K A Watson OBE JP – a Man With a Vision

Tymon Mellor: Kenneth Albert Watson or Ken was one of the territory’s great protagonists. He was a member of the Legislative Council, a member of the Urban Council and an active letter writer to the South China Morning Post. He spent much of his life trying make the territory a better place to live and actively encouraged the use of private enterprise to assist in its development.

Ken was born in Singapore 30 July 1912. His father James was a private in the Highland Light Infantry and appears to have travelled the world, being noted in India in the 1911 census. Kenneth arrived in Hong Kong before the Pacific War and worked in the banking field, no doubt mixing with all the other expats where he met his future wife, Florence Isabel Lammert, the daughter of Lionel E Lammert the director of the auctioneering firm of Lammert Bros[i].

With war on the horizon, he joined the Hongkong Naval Volunteer Force and was promoted from a probationary cadet to Cadet in November 1938[ii]. He clearly found his calling, being promoted to Action Lieutenant in 1941[iii]. However, with the drums of war beating, on the 28 May 1941, Ken married Florence, or Isa as she was known in St. John’s Cathedral[iv].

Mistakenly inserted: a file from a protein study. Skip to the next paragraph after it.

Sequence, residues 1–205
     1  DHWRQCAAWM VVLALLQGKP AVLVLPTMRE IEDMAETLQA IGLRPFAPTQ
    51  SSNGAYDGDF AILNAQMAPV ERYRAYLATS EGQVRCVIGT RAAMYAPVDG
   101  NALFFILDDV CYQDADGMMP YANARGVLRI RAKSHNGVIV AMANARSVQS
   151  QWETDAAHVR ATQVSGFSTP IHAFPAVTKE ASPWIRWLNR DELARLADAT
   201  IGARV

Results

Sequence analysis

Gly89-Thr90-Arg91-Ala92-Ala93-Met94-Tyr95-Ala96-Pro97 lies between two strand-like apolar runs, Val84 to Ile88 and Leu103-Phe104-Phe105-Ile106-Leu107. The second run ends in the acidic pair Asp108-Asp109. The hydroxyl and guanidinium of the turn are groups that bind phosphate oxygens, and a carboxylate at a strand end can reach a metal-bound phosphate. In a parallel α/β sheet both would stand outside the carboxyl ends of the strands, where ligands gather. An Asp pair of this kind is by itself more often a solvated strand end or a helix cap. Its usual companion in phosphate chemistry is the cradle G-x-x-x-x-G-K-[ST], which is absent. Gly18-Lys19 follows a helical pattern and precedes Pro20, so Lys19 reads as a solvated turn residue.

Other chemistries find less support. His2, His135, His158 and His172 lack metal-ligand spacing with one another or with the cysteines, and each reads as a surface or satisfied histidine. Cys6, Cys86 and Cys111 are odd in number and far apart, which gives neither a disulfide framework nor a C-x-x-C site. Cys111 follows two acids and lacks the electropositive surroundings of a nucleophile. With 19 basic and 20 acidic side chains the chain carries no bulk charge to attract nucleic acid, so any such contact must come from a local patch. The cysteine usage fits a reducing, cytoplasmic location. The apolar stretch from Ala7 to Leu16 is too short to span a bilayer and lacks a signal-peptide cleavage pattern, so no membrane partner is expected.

With the occupation of the territory by the Japanese in December 1941, Ken was captured and sent to the Argyle Street POW camp[v], where 850 officers and their batmen were interred[vi], and Isa along with her family were interred in the Stanley Camp.

Japanese POW Card

Following the surrender of Japan in August 1945, the reunited Watsons moved into “High Tide” on Island Road on the south side of Hong Kong Island. In November, 1946 Ken started his own photographic studio, the Gainsborough Studio located in Wyndham Street.

Gainsborough Studio

Family life was clearly good and, on the 19 Aug 1949, Isa gave birth to their first daughter Elizabeth, who was later baptized in St. John’s Cathedral[vii]. Isa went on to have two other daughters, Carolyn and Linda[viii].

With a new family to support, Ken joined his father-in-law’s firm and became an authorised signature for Lammert Brothers in October, 1949[ix].

By the early 1950s, Ken started to become active in expanding the development of cultural opportunities in the territory. As the joint governor of the new City Hall Museum sub-committee, he started to promote the museum and its importance for a more balanced society. In this role he wrote to the SCMP looking for ideas for the new museum and experience running a museum[x]. With poor living conditions, insufficient schooling, few hospitals and inadequate water supply, he championed the cause of the new City Hall on the grounds that for “any real and permanent improvement, the public must be encouraged to develop a spirit of self-help and civic pride”[xi]. Construction of the City Hall commenced in February 1960 and was completed by March 1962[xii].